I have spent a large part of my time during the last three months in the field, in various parts of rural Mali, trying to ensure that CVD-Mali’s large-scale trials are able to get up and running.
I have also been working on our ongoing COVID-19 research projects and, of course, training and developing the skills of a whole host of field workers, whose expertise and knowledge are crucial to every one of these projects.
It has been a challenging time – there is so much to do and working in the shadow of the COVID-19 pandemic brings with it an array of problems beyond those we might ordinarily encounter. We have done all that we can to ensure that all our co-workers and study subjects are able to take part in CVD-Mali’s vital healthcare projects without compromising their own health.
It’s always good to be back in the field. I started my career doing fieldwork many years ago – and even though I have spent a fair share of my time in offices and meetings since then, I still feel that the field is my home environment.
The work is often tiring, and the hours are always long. But it is absolutely crucial to the work we do at CVD-Mali. Being able to communicate effectively to a community leader why we are carrying out our research, why we do it one way and not another, talking about the potential benefits is not just a public relations exercise. It is a core principle of research carried out within countries and communities for the direct benefit of those same countries and communities.
We have, of course, a number of technical partners and support structures which remain critical, and we adhere strictly to global ethical standards and good clinical practice. But when we come to Koutiala, Sikasso, Kita, Kayes, Koulikoro and Segou, we are here because the people in these communities are the be all and end all of our work.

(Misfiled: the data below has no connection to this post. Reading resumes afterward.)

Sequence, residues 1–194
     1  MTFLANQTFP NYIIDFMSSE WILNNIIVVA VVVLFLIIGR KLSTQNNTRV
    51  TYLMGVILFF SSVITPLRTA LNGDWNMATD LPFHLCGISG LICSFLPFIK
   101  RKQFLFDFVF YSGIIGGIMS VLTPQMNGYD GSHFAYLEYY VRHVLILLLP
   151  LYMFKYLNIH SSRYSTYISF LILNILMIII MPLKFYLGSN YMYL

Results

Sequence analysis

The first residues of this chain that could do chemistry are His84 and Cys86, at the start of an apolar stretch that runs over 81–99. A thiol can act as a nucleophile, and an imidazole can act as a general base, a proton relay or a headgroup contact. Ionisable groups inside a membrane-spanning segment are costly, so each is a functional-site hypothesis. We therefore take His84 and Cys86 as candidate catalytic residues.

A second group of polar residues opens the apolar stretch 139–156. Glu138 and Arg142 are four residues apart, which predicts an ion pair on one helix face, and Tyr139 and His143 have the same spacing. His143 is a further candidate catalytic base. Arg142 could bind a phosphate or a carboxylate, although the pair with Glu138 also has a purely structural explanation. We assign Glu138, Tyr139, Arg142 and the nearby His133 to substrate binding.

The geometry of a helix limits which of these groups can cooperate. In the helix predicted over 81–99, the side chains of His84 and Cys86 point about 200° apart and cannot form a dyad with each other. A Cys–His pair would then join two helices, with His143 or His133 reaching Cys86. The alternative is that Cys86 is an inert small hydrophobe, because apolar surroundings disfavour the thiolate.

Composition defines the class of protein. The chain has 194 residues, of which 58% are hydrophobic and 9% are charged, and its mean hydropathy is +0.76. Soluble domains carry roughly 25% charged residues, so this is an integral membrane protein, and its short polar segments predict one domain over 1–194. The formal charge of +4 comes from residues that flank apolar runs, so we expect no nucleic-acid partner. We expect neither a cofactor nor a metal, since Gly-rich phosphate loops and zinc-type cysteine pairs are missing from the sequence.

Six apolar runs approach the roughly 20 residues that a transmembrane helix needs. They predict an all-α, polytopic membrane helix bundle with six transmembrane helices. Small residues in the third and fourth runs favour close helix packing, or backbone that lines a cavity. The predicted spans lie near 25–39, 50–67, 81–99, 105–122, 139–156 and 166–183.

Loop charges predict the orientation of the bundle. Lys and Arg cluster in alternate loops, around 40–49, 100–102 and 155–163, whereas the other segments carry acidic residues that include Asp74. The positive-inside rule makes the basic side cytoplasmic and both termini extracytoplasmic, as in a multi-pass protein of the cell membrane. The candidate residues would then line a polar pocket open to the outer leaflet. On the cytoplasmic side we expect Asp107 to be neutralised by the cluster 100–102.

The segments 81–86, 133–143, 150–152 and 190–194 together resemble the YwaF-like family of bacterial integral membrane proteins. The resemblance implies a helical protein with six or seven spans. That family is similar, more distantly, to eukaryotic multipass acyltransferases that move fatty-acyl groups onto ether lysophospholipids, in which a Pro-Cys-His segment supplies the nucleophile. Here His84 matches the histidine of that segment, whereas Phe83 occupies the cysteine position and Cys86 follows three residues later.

The people best placed to serve the interests and needs of a country’s communities are those who work within those countries and communitiesProf Samba Sow
In the global health field today, there is increasing talk of “country ownership” of health programmes and initiatives. At the heart of this is a simple but profound truth: that the people best placed to serve the interests and needs of a country’s communities are those who work within those countries and communities, who know their people and who will work with them to give them ownership of the interventions they need to make their populations healthier and more resilient.
We have to enable those directly concerned to play an active part in the transformation of their communities and lives.Prof Samba Sow
The World Health Organisation’s Sustainable Development Goals will only be met in this way; countries, people and communities working for change, village by village, community by community.
This must be the way we go about things. This has to be the way international partnerships and global frameworks are drawn up. We have to enable those directly concerned to play an active part in the transformation of their communities and lives.
What’s more, this is good for everybody. Context-driven research is better research and leads to the setting of better priorities. It enables stronger mechanisms and addresses gaps that could only be identified locally.
On behalf of CVD-Mali, I am proud to advocate for countries’ rights to develop and build their research capacity. I want Mali’s scientists to thrive, women in particular. I want them to have flourishing careers in Malian institutions, so that they in turn can inspire their sons and daughters to work for their communities. This, of course, means changes to current international funding models – and I am proud to advocate for support structures which will enable countries to answer their research questions themselves.
My beloved Mali, like so many similar places, is at a critical juncture. The COVID-19 pandemic and uncertainty more generally have put at risk some really hard-won progress. Infant and maternal mortality rates remain far too high in Mali – they may yet become higher still. Primary health care is more fragile than ever; such basic provisions as immunization, family planning and nutrition are being seriously affected.
We cannot afford to let this continue. It is my fervent hope that support from partners and funders will allow countries like mine to drive forward their own research agenda and to make for themselves the changes they so badly need.
Samba O Sow, Director General, CVD-Mali